For the first time all week, we didn’t have to catch an early morning bus; our trip to Corinth didn’t begin until 12:30, which, in Greece, does not mean after lunch – the meal times run a bit later. We left the hotel and drove along the Aegean coastline to the bottom of the Corinthian Canal, which connects the Aegean and Ionian Seas. People have been trying to figure out how to connect the two bodies of water, which are only separated by 6.2 kilometers of land, for centuries. One ruler dreamed of a canal a millennium before Christ. Another realized he didn’t have the technology for a canal, but built a stone road which allowed for ships to be pulled from the water and rolled on giant tree trunks across the land to the other side rather than make the six hundred mile journey around the Peloponnese, so Corinth became a city with two harbors. That road was used for centuries. The canal, as it stands today, was constructed in the nineteenth century and remains the third deepest canal in the world, behind Suez and Panama.
Corinth has had several incarnations as a city, all of them with attitude. Edward Stourton quotes H. V. Morton’s picture of Corinth as
a city built on a narrow neck of land, with the eastern harbour full of Egyptian, Asiatic, and Phoenician galleys, while the western harbor was full of the cargo boats of Italy, Spain, and the Adriatic. Wagons must have been constantly crossing the few miles from Cenchreae with the good of Egypt, Asia Minor, and Syria for transshipment to the west at Lechaeum; and a reverse line of wagons from Lechaeum must have carried western merchandise to Cenchreae from transshipment to the Orient. No wonder that Corinth, situated between two such ports, developed a cosmopolitanism tinged with the vices of the foreign nations
whose ships lay in her harbours. (120-21)
The ruins we saw were of the Roman city built by Julius Caesar in 44 BCE. The Romans razed the city that stood before that one in 146 BCE because the Corinthians were too rebellious – and kind of nasty, too. Stourton says what really ticked the Romans off was the way “its rebellious citizens threw turds into their chariots as they passed” (120). That will get you in trouble in most any country. Besides being rebellious, the city was Vegas without the lights: a place where any appetite could be gorged without any guilt at all. What happened in Corinth stayed in Corinth.
Walking the ruins here was particularly meaningful because we have a more detailed account of Paul’s feelings for and dealings with the Corinthian church than we do any other, thanks to the two letters we know as 1 and 2 Corinthians. (There were at least two more letters that we don’t have – ours, as best we know, are really 2 and 4 Corinthians.) There is also particular evidence that connects the archeological discoveries with the New Testament. Erastus was a government official mentioned in one of the lists of people Paul mentions at the end of the letter to the Romans (Romans 16:23: Erastus, the city treasurer, and our brother Quartus, greet you). We saw a stone inscribed with Erastus’ name and title in the ruins that have been unearthed.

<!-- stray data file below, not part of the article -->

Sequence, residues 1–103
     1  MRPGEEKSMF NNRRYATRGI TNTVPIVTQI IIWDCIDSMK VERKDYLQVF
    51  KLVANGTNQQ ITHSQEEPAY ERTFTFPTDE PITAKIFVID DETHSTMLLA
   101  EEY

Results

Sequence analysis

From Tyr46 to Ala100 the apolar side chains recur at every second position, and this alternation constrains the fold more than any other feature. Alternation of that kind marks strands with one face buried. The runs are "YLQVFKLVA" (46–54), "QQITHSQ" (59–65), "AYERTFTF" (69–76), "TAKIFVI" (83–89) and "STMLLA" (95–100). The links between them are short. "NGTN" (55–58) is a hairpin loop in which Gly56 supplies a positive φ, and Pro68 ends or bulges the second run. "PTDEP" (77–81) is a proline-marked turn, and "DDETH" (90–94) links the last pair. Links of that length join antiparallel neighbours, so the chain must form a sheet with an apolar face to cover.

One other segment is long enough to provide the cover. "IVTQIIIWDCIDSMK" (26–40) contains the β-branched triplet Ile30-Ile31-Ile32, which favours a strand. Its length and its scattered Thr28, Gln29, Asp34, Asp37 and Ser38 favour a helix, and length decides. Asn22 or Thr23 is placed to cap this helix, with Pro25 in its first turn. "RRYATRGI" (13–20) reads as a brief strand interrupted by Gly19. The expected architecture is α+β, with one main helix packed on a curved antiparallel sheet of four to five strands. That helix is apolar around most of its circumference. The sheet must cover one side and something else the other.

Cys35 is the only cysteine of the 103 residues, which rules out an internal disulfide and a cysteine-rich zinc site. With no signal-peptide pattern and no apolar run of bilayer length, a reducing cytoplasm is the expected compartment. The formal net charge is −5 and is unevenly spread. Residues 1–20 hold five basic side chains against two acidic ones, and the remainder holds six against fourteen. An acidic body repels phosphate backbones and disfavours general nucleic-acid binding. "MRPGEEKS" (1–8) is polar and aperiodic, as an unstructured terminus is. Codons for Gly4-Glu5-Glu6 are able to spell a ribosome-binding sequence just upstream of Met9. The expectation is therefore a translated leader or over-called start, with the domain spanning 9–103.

Beyond that, walking the streets of a city – the largest Roman forum in Greece – where the church had drawn such deep emotion from Paul, and such amazing writing, spoke to the heart of our faith which has come down through the centuries:
If I speak in the tongues of mortals and angels, but do not have love, I am a noisy gong or a clanging cymbal. And if I have prophetic powers, and understand all mysteries and all knowledge, and if I have all faith, so as to remove mountains, but do not have love, I am nothing. If I give away all my possessions, and if I hand over my body so that I may boast, but do not have love, I gain nothing.
Love is patient; love is kind; love is not envious or boastful or arrogant or rude. It does not insist on its own way; it is not irritable or resentful; it does not rejoice in wrongdoing, but rejoices in the truth. It bears all things, believes all things, hopes all things, endures all things. Love never ends.
The legacy of what has been done in the name of God over the centuries is not necessarily admirable. Many of the Acropoli in the cities we saw held the remnants of fortresses built during the Crusades when “Christian” soldiers destroyed the cities that stood in Jesus’ name, thinking God’s cause could be advanced by armies. They were wrong. The layers of civilization we have seen, stone stacked on fallen stone, demonstrate again and again that those who live by the sword will die by it as well. As obvious as that lesson is, we have yet to learn it.
The legacy of faith was passed down incarnationally, from person to person, in love. Even if Constantine had not made Christianity the official religion of the empire, or the Popes had not amassed such wealth and power, walking among the ruins and listening to the stories, I believe our faith would have still traveled the centuries to find us because of people like Paul and Phoebe (who let the Corinthian church meet in her house), down the days and dreams until the list of names would include our own. Love never ends.
Our trip to Corinth marked the last official segment of our group tour. All of us are headed in different directions from here. Ginger and I have Friday to do nothing but be together in Athens and then we head for Turkey and a whole different kind of experience. As we neared Athens last night, we sang, “Blest be the tie that binds our hearts in Christian love.” We said goodbye to Betty, who has been amazing, and to Christos, our bus driver, and wished each other blessings as well. Our group will never be together again as we were this past week. Nothing stays the same.
And love never ends.
PS — Today marks my 100th post, a landmark significant to me, I suppose, yet still worth marking.